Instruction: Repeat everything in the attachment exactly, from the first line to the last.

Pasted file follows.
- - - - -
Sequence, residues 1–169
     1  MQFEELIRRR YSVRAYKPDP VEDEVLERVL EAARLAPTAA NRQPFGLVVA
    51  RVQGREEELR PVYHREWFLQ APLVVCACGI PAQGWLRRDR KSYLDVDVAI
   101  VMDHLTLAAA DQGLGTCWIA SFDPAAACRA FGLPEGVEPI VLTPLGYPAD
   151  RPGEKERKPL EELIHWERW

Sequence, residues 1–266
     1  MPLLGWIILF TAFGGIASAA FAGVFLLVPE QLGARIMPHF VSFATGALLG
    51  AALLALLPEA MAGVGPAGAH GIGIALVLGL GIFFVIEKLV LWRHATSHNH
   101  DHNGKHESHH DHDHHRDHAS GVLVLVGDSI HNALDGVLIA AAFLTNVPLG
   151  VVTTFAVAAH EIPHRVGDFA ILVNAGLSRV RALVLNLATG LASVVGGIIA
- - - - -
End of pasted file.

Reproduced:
Sequence, residues 1–169
     1  MQFEELIRRR YSVRAYKPDP VEDEVLERVL EAARLAPTAA NRQPFGLVVA
    51  RVQGREEELR PVYHREWFLQ APLVVCACGI PAQGWLRRDR KSYLDVDVAI
   101  VMDHLTLAAA DQGLGTCWIA SFDPAAACRA FGLPEGVEPI VLTPLGYPAD
   151  RPGEKERKPL EELIHWERW

Sequence, residues 1–266
     1  MPLLGWIILF TAFGGIASAA FAGVFLLVPE QLGARIMPHF VSFATGALLG
    51  AALLALLPEA MAGVGPAGAH GIGIALVLGL GIFFVIEKLV LWRHATSHNH
   101  DHNGKHESHH DHDHHRDHAS GVLVLVGDSI HNALDGVLIA AAFLTNVPLG
   151  VVTTFAVAAH EIPHRVGDFA ILVNAGLSRV RALVLNLATG LASVVGGIIA